Saturday, January 03, 2004

REVIEW: License To Steal (Long feng zei zhuo zei)

* * ¾ (out of four)

Seen 2 January 2004 at Coolidge Corner #2 (Midnight Kung Fu Madness)

I will miss the Weekly Wednesday Ass-Kicking at the Allston Cinema, but the Coolidge Corner theater isn't much further away (indeed, I think it took me the same amount of time to walk home as it did to wait for and ride the T to the theater last night) and the screen is better. Indeed, the main difference is that the Coolidge has that snazzy marquee and plays cream-of-the-crop boutique movies; the environment isn't quite as underground as Allston, where the next screen over was some wacky Bollywood musical. I swear, the Allston Cinema probably had the same floor-plan as one of the lesser Showcase Cinemas I worked at in Worcester, MA, but it had that underground vibe, like something out of an eighties movie. The type of place that had to be saved before The Man shut it down and made it into a parking lot, or Starbucks, or something similarly soulless. (Like a Staples, or a multiplex, or, if you believe the sour-grapes crowd at Boston Sci-Fi, the Coolidge itself)

But the movie's the thing, right? And, truth be told, I'd been kind of let down with the November/December edition of the WWAK. There was gore, and nakedness, and camp, but the most important element - people punching and kicking at each other with brilliant choreography - seemed to be missing. And without the punching and kicking, what's the point?

Fortunately, License To Steal delivers the goods, most of the time. Sammo Hung is listed as a producer and was probably involved in the fight choreography (the star, Joyce Godenzi, later became his wife). And fights can break out at the drop of a hat. The main plot, such as it is, features Hung (Godenzi) in a fierce rivalry with her foster sister Ngan (Agnes Aurelio) - they'd both been part of a band of theives, but Ngan had betrayed her to take control of the gang. They'll fight. They're being pursued by the police, and the senior policeman has a crazy nephew who thinks he's some sort of mythical Swordsman (Yeun Biao). And since the main characters are thieves, there's guards and gang members (including Billy Chow). The plot makes almost no sense whatsoever, but you can hang six or seven fights off it.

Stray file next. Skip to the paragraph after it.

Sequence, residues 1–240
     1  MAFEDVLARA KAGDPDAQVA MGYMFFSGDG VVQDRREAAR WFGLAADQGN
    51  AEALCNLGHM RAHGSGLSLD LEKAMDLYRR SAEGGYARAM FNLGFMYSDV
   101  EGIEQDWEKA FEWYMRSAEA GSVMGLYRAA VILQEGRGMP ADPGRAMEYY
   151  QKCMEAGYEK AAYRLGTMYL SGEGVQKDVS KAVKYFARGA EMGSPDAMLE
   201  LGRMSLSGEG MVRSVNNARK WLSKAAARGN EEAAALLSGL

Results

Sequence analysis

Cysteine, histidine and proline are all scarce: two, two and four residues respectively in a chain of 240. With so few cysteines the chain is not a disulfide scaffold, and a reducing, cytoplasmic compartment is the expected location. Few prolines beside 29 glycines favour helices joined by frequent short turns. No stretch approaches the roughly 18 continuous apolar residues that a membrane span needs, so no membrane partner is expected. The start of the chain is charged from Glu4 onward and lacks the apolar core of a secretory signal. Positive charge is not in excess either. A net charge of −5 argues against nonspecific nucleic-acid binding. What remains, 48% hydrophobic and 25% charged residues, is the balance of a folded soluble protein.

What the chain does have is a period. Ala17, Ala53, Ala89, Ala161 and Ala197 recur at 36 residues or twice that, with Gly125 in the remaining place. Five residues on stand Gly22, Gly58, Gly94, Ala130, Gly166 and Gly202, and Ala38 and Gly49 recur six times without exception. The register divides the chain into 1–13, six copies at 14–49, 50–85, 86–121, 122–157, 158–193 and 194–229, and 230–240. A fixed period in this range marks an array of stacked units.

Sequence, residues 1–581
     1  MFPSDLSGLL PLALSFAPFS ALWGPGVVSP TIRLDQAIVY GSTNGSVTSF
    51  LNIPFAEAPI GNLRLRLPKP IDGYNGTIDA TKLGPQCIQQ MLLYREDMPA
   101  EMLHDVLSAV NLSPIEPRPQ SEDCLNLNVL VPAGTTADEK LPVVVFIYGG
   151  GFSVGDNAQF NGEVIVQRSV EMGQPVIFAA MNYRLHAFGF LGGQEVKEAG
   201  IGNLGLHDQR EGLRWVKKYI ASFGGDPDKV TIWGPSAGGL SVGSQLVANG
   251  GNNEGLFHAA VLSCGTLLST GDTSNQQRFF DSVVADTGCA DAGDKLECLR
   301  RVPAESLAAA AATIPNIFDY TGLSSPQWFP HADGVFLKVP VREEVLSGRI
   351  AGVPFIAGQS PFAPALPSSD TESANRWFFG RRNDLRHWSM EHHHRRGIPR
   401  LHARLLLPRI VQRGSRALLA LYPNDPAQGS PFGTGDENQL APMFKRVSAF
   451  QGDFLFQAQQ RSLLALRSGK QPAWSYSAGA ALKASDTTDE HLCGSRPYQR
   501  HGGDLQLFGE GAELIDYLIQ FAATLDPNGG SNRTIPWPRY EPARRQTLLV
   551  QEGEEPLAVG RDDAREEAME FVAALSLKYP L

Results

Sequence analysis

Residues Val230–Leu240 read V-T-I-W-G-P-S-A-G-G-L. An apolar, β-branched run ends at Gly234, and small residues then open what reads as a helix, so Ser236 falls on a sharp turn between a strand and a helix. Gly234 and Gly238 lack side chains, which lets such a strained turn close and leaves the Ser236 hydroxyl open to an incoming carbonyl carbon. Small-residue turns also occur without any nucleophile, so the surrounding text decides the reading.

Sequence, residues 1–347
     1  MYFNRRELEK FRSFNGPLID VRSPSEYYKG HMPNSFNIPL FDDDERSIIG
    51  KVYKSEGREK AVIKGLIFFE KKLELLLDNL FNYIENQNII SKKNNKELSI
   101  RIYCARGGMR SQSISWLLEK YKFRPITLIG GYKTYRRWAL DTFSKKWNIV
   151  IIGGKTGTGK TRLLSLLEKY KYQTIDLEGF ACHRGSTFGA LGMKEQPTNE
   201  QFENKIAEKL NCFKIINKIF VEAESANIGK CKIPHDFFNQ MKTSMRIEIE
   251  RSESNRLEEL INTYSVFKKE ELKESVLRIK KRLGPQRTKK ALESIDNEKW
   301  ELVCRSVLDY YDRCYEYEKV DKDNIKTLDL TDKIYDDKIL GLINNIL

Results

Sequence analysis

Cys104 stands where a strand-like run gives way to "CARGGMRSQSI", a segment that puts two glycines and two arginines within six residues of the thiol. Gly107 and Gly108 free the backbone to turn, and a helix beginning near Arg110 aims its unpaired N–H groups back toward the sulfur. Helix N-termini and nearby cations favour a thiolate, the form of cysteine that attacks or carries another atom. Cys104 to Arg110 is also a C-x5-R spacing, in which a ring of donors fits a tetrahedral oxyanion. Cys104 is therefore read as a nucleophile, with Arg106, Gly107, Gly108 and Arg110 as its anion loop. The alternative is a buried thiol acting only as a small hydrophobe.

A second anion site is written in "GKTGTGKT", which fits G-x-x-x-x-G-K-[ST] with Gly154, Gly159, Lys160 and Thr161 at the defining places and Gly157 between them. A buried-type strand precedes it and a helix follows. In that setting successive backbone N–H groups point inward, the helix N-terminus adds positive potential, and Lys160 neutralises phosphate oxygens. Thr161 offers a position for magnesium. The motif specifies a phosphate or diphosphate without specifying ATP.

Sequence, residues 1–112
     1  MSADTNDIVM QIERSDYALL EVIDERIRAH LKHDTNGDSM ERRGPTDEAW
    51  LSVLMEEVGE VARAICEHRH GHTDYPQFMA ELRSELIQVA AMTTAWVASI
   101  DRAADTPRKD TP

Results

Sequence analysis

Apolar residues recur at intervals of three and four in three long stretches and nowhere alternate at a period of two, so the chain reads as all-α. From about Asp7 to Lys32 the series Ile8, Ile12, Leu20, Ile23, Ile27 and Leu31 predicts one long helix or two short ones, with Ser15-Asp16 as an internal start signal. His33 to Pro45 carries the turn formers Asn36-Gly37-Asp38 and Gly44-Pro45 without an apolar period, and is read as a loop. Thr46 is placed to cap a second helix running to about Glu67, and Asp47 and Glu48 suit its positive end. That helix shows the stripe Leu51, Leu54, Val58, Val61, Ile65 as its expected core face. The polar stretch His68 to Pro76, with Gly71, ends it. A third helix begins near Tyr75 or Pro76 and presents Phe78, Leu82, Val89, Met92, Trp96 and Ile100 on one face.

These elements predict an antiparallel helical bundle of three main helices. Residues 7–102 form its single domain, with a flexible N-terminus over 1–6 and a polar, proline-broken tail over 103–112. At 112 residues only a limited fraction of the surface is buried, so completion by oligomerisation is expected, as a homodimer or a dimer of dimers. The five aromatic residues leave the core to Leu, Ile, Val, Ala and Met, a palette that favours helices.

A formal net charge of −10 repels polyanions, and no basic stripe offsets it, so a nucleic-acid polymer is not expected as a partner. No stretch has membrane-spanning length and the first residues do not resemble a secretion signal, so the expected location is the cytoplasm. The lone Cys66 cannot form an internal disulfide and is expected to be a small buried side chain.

The movie also has a charming sense of absurdity. "No. 1" and his partner stake out Hung and her other sister, but do it from a brightly colored camp tent, complete with fire. And as Hung's gang prepares for the BIG HEIST of the "Napoleon Mask" from a moving truck, they do so by (1) moving a container truck into place, (2) unsheathing a chainsaw, (3) preparing a suitcase full of dynamite, complete with an analog clock face, and (4) putting on gas-masks. I was deeply disappointed not to see what the actual plan was, because it must have been a doozy. The ensuing big fight in an uncompleted building with all sorts of pipes lying around (construction sites in Hong Kong have a lot of pipes lying around, if kung fu movies are to be believed) mostly made up for it, but, man, don't show me a chainsaw unless you intend to use it.

So, I'm feeling better about this series as it returns to the Coolidge after five months in Allston. People are punching and kicking each other - all is right with the world.

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